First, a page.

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Arts Commission worried programs could lose funds under new plan

Friday, June 20, 2014 by Michael Kanin

Arts Commission Chair Brett Barnes sounded an alarm this week over what he characterized as a move to strip funding from the city’s Cultural Arts Grant Program. His concerns focused around a suggestion that a portion of the city’s Hotel/ Occupancy Tax, or HOT, typically used to fund smaller arts grants might be shifted to instead cover the costs of fee waivers associated with larger events such as South by Southwest and Austin City Limits.


It all spilled over to a Tuesday evening stakeholder meeting associated with designing a new special events fee model. In an email to interested parties sent Wednesday morning, Barnes summarized the sentiment he had seen at the meeting. “The group was divided up into six working tables and asked to help brainstorm solutions, address concerns and provide feedback. We were given approximately 45 minutes to complete this assignment,” Barnes wrote.


He said all six groups presented their work, recommendations and questions, agreeing that HOT funds should be taken off the table as a possible funding scenario. They also said they believe the process needs to be slowed down. Barnes wrote that one group recommended that the city take – at minimum – six months to a year to research, educate and gather stakeholder input.


Later in his email, Barnes promised vigilance on the part of his board. “I want to assure you all that Cultural Arts Division Staff and the Arts Commission will be watching this vigilantly,” he said. “We will report or communicate in as timely a manner as possible.”


Barnes also sent an email just before the Tuesday meeting. “I am writing today to call your attention to an issue that has the potential to impact your HOT funding and the cultural contracts many of you have with the city of Austin,” he wrote. “On May 1, 2014, City Council passed Resolution 20140501-036 which directs the City Manager to investigate potential methods for funding costs associated with special events. The resolution also directs the City Manager to create a proposal for a special events fund that will support small and moderately-sized community events as well as a more sustainable, consistent, and analytical method of evaluating and providing financial support for large-scale special events.”


Barnes continued: “One of the identified funding sources is HOT funds. While still just a possible scenario for funding, it is one that is being championed by The Music Commission and many of their constituents and is the only scenario that has been publically presented.”


He offered a conclusion: “At our regularly scheduled commission meeting last night, The Arts Commission voiced our strong concerns about using these HOT funds without proper vetting and input from our creative constituents. We do not feel the aggressive schedule for this allows for proper community input, as well as creating an equitable structure to fund all special events, not just the large-scale productions.”


Barnes called on cultural arts contractors to attend the stakeholder meeting. “I know this is short notice but as cultural contract recipients, I would like to encourage you to attend a public stakeholder meeting to discuss alternative funding for special events,” he wrote.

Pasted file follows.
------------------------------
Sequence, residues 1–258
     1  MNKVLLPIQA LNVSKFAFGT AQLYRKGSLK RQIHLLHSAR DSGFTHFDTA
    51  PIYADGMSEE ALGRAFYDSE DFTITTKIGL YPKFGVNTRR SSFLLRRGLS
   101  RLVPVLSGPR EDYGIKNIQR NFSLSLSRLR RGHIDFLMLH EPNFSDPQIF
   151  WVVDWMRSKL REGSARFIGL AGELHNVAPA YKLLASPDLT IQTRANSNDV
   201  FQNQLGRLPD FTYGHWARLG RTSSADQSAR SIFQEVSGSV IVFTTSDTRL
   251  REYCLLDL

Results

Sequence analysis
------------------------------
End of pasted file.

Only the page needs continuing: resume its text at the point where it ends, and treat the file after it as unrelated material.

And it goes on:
For his part, Austin Music Commission Chair Brad Spies told the Monitor that his group had suggested an idea that would have city staff perform baseline revenue setting of HOT proceeds in 2014. The city could then examine using a portion of the increase in gross HOT revenues in 2015 – Spies cited 20 percent – to assist with special events funding.


Spies was careful to note that the proposal was not intended as something that would strip any funding from the cultural arts community. He also added that the idea was one of many suggestions made by the Music Commission with regard to special events financing.


Council Member Kathie Tovo agreed. She told the Monitor that her read of the Music Commission’s action was as Spies described it.


Tovo authored an initial Council resolution that called for a detailed look at events fee waivers. The resolution was not specific in its direction. “The City Manager is hereby directed to investigate potential methods for funding costs associated with special events,” it reads. “In exploring this matter, the City Manager should seek input from stakeholders including, but not limited to, event producers and promoters, the Hotel Lodging Association, the Austin Neighborhoods Council, the Arts Commission, the Music Commission, and the Austin Convention and Visitors Bureau, review best practices from other cities, consider all possible funding sources, and explore the film incentives proposal as a possible model.”


Still, Tovo told the Monitor that, though she sees a gap in the cost of special events and the amount that the city recoups in terms of fees associated with them, her intent was not for the city to shift funds away from cultural arts grants.


Tovo notes that the resolution instructs staff to “look at best practices” with regard to the issue. She noted an early August report-back date embedded in her resolution – originally set to coincide with budget decision-making – and said that she would be willing to entertain an extension.


However, Tovo – who noted that she is looking for some level of progress on the issue – added that she believes that she and her Council colleagues could adjust current fees to cover the gap in revenue. That, she argued, could be accomplished as part of the 2015 budget-making process.


“I know it is a complicated issue and we need a solution that is sustainable,” she said.

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